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Elk in the Redwoods National and State Parks
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Elk in the Redwoods National and State Parks

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Elk in the Redwoods National and State Parks

Elk in the Redwoods National and State Parks

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  • 1. Redwood National Park Service US Department of the Interior Department of Parks and Recreation State of CaliforniaNational and State Parks R edwood National and State Parks is home to a subspecies of elk known as Roosevelt elk (Cervus elaphus roosevelti). Herds of these mag- nificentanimalsoncerangedfrom San Francisco Bay toVancouver Island,BritishColumbia,andeast to the Cascade Range in Oregon andWashington.Todaytheirrange islimitedtothecoastfrom HumboldtCounty,Californiato VancouverIsland,BritishColum- bia. Once Nearly Extinct By 1925, the number of Roosevelt elk in California had dropped to as few as 15. One of the last elk herds was located in Prairie Creek Redwoods State Park. Fortunately, protection of habitat in the park and surround- ing areas has allowed the Cali- fornia Roosevelt elk population to rebound to more than 1,000 animals. Characteristics Elk are the second largest mem- bers of the deer family. Moose are larger. Adult males (bulls) weigh 740-1,100 pounds; fe- males (cows) weigh 380-640 pounds. Both sexes have a dark head, neck and legs, with a light brown body and a cream-colored rump. Mature males boast large multi-branched antlers, while the shorter antlers of young males (called spikes) usually are unbranched. Females do not have antlers. Where to See Elk Members of the Roosevelt elk herd in Redwood Na- tional and State Parks some- times can be seen grazing or resting along Highway 101 in the southern part of the parks. But the best places to observe them are: Elk Prairie: Along Newton B. Drury Scenic Parkway, south of the entrance to Prairie Creek Redwoods State Park. Davison Road: Along either side of Davison Road, just west of Highway 101. Gold Bluffs Beach: ContinueonDavisonRoad four miles on an unpaved road toGoldBluffsBeach (motorhomesandtrailersare notadvised). Observe Them Safely Although elk may appear tame, they are wild animals and can be dangerous to humans. Like people, elk have their own needs for privacy and protection, and they will act to defend them- selves if they feel challenged or threatened. Observe elk from a distance with binoculars or photograph them with a tele- photo lens. Back away if they get too close. Never approach wild elk! Bulls may be aggres- sive; females can also be dan- gerous. They can kick, slash, and stomp with their sharp hooves. Cows can be particu- larly defensive during the summer months when they are protecting their young calves. Habitat Management Elk occasionally spend time in the forests and sometimes can be seen on the beach, but they prefer open grasslands. Thus, the protection and maintenance of the parks’ prairies are extremely important to provide good grazing habitat. Currently, park managers are using methods such as prescribed burning and tree removal to reopen and maintain the prairies. Fire benefits elk because the nutri- tional quality of the grasses increases considerably after the burn. Biologists also suspect that burning the prairies may reduce parasites that are harmful to elk. Threats to Survival Biologists believe that road kills and poaching are the major causes of death for elk in this area. You can reduce this prob- lem by driving at or below the speed limit and watching for wildlife along the roads. In addition, if you observe any suspicious behavior related to wildlife poaching, please report this information to a ranger immediately. Elk in the Redwoods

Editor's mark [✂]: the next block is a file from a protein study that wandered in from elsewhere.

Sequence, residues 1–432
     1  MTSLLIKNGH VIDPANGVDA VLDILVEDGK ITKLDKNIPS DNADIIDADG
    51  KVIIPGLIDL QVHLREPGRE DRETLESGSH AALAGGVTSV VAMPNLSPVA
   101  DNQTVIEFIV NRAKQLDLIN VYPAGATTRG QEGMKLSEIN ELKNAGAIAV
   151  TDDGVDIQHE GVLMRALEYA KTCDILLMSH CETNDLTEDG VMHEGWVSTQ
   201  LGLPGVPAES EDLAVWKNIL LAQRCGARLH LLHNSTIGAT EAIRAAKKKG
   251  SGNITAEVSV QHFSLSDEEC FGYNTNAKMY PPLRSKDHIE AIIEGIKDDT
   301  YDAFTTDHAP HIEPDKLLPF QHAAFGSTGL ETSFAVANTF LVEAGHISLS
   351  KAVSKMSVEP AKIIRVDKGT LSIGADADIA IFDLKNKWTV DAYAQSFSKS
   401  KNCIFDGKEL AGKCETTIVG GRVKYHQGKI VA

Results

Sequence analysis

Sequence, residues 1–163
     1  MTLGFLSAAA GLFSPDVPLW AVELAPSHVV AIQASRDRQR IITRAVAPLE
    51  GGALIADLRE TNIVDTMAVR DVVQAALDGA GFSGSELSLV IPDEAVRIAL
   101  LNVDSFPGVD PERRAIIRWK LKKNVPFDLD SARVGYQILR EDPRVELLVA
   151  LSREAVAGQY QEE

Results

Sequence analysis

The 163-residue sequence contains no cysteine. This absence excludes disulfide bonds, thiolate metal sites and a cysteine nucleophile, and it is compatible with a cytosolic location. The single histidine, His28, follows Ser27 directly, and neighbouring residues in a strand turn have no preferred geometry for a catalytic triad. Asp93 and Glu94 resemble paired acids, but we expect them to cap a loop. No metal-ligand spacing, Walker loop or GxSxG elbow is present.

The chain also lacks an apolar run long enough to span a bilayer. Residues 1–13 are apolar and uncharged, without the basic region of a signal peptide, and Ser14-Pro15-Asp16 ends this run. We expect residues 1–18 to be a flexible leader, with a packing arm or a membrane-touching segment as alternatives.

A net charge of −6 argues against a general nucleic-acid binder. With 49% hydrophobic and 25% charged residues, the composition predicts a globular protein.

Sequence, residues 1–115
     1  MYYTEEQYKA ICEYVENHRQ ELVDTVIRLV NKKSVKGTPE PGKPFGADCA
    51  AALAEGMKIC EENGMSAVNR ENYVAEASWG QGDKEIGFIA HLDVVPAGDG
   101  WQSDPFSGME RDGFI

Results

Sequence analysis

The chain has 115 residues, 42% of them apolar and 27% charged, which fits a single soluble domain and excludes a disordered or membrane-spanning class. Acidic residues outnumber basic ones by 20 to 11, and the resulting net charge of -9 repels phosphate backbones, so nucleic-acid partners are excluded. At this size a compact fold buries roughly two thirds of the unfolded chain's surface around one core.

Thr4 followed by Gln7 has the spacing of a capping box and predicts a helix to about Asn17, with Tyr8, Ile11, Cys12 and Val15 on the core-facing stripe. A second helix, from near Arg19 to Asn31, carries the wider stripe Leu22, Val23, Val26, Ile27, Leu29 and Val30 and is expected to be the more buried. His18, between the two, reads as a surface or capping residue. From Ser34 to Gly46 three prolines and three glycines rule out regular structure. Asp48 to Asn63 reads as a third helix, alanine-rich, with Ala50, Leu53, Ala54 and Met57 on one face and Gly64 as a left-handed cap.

• 2. The Elk Calendar Seasonal changes mark the behavior of elk herds, as they have since long before humans were around to observe them. Autumn The breeding or rutting period occupies elk from late August to mid-October. This is when bull elk compete for control of groups of females, called “har- ems.” To attract mates and warn away other bulls, mature male elk make a bellowing, whistling sound called bugling. Bugling, pit wallowing, and antler clash- ing all are preludes to combative contacts between pairs of rival bulls. A challenger may ap- proach a harem bull, bugling, urinating, and tossing turf with his antlers. The harem bull likely will advance and bugle. The pair may circle and one may charge. If the other holds his ground, the resulting clash of antlers may wound or even kill an elk, but before this happens one of the bulls usually admits defeat and retreats. Winter Due to the mild climate of the Northern California coast, elk in this area do not need to migrate although they do grow a second insulating layer of warm fur. Even with our mild climate, the limited amount of new plant growth available for food makes this a stressful time of year for elk. Spring In February and March, males shed their antlers. About a week later they begin to grow new ones at the rate of 10 to 12 inches per month. Their growing antlers, formed from keratin, a bone-like material, are nourished by blood vessels in a soft mem- brane covering called “velvet.” Scentless calves, born in May and June, remain hidden from predators for the first week or two while their mothers graze a short distance away. Later, cows and calves join the herd of females and young males, which is led by an older cow. Older males form separate bachelor herds or remain solitary through the summer. Summer By late August the bull elk’s antlers stop growing. The blood vessels inside the velvet dry up, causing it to fall off. Bulls often rub their antlers on trees and bushes to remove the dried velvet. Soon the rutting season begins and the ancient cycle continues. Published by Redwood Park Association in cooperation with Redwood National and State Parks, National Park Service 2004. EXPERIENCE YOURAMERICA revised 9/02